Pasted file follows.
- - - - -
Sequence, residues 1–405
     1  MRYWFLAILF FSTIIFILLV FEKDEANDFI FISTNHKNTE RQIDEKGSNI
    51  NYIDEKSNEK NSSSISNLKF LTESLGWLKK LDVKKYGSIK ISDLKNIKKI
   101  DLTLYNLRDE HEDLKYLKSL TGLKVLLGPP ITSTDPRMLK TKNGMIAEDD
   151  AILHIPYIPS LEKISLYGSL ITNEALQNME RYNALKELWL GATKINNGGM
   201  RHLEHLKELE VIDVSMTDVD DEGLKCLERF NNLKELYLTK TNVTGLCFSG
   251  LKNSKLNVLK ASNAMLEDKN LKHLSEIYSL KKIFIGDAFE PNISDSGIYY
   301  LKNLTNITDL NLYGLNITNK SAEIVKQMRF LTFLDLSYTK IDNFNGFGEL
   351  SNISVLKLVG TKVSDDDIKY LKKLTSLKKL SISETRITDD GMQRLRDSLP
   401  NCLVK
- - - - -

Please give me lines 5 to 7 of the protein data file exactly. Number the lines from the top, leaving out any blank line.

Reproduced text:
   151  AILHIPYIPS LEKISLYGSL ITNEALQNME RYNALKELWL GATKINNGGM
   201  RHLEHLKELE VIDVSMTDVD DEGLKCLERF NNLKELYLTK TNVTGLCFSG
   251  LKNSKLNVLK ASNAMLEDKN LKHLSEIYSL KKIFIGDAFE PNISDSGIYY